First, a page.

A wafer of Intel chips. Image credit: Intel. 

Stacy Rasgon, an analyst with Bernstein Research, recently lowered his price target (via Barron's) on PC processor giant Intel (NASDAQ:INTC) from $29 to just $26, representing around 19.5% downside from current levels as of a recent check of the share price.

The analyst concedes that it's unlikely for Intel to negatively pre-announce its first quarter results, no doubt due to the fact that when Intel does this, it aims to do so ahead of its "quiet period." However, Rasgon does think that Intel could miss current sell-side analyst estimates (which, as of writing, sit a little below the midpoint of the company's guidance).

Let's take a closer look at Rasgon's reasoning.

Inventory buildup
Rasgon first notes that Intel's inventories "have ballooned over the last year." According to the company's form 10-K filing with the SEC, Intel has seen its raw materials, work in process, and finished goods inventories all grow significantly year-over-year. Total inventories came in at $5.167 billion at the end of the most recent quarter, up more than 20% from where they were a year prior.

Rasgon argues that these relatively high level of inventory could put the company at risk of needing to cut back factory loadings. Such a decrease in capacity utilization would, as Rasgon points out, have a negative impact to the company's gross profit margins.

On Intel's earnings call in January, Intel CFO Stacy Smith said that the company ended the fourth quarter with "a little more inventory than [he] was expecting and a little higher than [he] would like."

Smith attributed these inventory levels to two factors. The first is that Intel's unit shipments were weaker-than-expected. Intel was able to avoid a revenue shortfall as a result of the company selling, on average, more expensive products, however. The second, per Smith, is that Intel saw its manufacturing yields on its latest 14-nanometer manufacturing technology improve.

Smith's expectations as of the most recent call were that Intel will bring its inventory levels down during the second half of the year.

A "spike" in receivables
Another point that Rasgon makes is that Intel saw its accounts receivables increased by nearly 17% sequentially. He notes that this is the second time in the last ten years that there was a spike in receivables during the fourth quarter.

"The last time this happened in a [fourth quarter] was last year, which was subsequently followed by a sizable [first quarter] cut," the analyst writes.

Rasgon's view and price target
At the end of the day, Rasgon indicated (via Benzinga) current estimates for the company's second quarter look "too high" and that a "meaningful reset" in Intel's full-year revenue outlook might be in the cards.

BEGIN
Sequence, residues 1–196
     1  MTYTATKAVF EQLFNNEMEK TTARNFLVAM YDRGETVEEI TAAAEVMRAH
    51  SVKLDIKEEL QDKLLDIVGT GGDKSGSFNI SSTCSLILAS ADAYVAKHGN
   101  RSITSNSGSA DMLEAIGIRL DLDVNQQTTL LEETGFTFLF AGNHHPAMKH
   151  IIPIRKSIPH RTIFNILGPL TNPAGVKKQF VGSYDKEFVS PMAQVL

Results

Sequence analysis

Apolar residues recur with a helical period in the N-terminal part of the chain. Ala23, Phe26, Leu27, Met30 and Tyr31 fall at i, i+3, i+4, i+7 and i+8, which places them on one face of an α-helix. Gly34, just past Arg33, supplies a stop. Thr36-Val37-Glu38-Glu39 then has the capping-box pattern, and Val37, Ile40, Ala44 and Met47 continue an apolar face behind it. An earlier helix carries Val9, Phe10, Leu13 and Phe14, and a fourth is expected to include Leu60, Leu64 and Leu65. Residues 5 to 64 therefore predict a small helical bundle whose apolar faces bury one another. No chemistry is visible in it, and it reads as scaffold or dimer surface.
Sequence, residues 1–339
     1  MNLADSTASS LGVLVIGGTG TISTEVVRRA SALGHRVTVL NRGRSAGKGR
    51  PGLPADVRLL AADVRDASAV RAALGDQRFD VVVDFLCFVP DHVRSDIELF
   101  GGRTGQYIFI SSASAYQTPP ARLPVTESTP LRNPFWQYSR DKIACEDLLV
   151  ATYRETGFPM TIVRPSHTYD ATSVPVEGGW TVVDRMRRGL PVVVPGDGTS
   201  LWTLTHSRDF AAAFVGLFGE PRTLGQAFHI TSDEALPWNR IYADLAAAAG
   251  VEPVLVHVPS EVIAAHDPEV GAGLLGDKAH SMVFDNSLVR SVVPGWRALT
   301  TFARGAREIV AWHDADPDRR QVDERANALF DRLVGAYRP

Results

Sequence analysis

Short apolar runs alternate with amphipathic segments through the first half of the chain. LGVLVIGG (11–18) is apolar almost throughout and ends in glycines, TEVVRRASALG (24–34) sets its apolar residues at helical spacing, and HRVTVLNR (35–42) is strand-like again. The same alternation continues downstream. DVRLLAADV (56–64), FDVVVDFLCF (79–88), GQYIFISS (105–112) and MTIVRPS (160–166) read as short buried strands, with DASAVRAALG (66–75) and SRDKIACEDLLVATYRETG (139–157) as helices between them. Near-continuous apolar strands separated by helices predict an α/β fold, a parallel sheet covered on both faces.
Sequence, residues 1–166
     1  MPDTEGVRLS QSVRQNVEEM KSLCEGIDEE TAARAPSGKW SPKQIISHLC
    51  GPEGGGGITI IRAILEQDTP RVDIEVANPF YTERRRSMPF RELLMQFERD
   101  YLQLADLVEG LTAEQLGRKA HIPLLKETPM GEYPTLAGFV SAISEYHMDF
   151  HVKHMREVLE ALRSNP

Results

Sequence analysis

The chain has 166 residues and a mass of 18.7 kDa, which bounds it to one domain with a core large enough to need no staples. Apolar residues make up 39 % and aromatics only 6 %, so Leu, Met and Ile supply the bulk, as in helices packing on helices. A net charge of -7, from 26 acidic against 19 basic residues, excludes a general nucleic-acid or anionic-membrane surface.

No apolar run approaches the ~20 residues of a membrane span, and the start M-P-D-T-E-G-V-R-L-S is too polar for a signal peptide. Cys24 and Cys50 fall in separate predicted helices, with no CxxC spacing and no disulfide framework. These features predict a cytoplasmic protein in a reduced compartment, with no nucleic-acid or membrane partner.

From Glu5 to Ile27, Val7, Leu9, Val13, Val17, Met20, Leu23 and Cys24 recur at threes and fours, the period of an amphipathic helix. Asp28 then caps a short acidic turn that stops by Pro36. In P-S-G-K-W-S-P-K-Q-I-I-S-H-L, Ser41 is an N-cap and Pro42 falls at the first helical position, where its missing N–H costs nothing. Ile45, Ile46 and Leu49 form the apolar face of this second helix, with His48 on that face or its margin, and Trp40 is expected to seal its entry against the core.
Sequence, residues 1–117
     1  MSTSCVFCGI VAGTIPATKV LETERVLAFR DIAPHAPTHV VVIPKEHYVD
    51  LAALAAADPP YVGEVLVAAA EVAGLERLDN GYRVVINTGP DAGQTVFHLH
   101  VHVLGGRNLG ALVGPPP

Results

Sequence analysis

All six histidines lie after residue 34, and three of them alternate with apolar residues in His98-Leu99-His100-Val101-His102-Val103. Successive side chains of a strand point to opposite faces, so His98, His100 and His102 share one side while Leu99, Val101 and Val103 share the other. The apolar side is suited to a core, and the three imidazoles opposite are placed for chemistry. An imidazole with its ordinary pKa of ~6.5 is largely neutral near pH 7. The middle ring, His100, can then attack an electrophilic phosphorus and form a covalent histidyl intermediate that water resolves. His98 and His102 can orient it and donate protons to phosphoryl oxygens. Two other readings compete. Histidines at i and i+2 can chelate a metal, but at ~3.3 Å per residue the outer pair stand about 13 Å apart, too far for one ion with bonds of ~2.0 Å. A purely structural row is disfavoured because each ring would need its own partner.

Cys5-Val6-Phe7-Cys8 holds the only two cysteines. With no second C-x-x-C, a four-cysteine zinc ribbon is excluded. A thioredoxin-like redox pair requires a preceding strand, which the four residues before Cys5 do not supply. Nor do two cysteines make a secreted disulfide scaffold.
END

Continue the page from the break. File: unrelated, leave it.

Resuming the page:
His new $26 price target is derived from applying a 12x multiple to his 2017 full-year earnings-per-share estimate of $2.18. It's worth noting that this figure is significantly below current Street estimates of $2.64 and the lowest estimate from a Street analyst on record.

I agree that estimates will probably come down, but PT probably too low
I generally agree with Rasgon that there's a solid chance that Intel will bring down its full-year numbers. Intel smartly baked in a good deal of conservatism into its first quarter and full-year guidance that it issued back in January, but it may ultimately prove to have not been enough given a number of the reports around PC demand/builds .

However, I would think that a 12x multiple is probably too low. Certainly the company's PC business is a drag on its overall financial performance, but note that even with worries around the PC and with the fairly common view that Intel could very well guide down for the year, the stock has managed to continue to trade at a nearly 14x trailing twelve month multiple.

I think 13-14x Rasgon's 2017 estimate is likely more reasonable, which would imply a price target of between $28 and $31 per share in the case that those estimates prove correct. Not exactly a screaming buy if they're correct, but not really a compelling short, either.

This article represents the opinion of the writer, who may disagree with the “official” recommendation position of a Motley Fool premium advisory service. We’re motley! Questioning an investing thesis -- even one of our own -- helps us all think critically about investing and make decisions that help us become smarter, happier, and richer.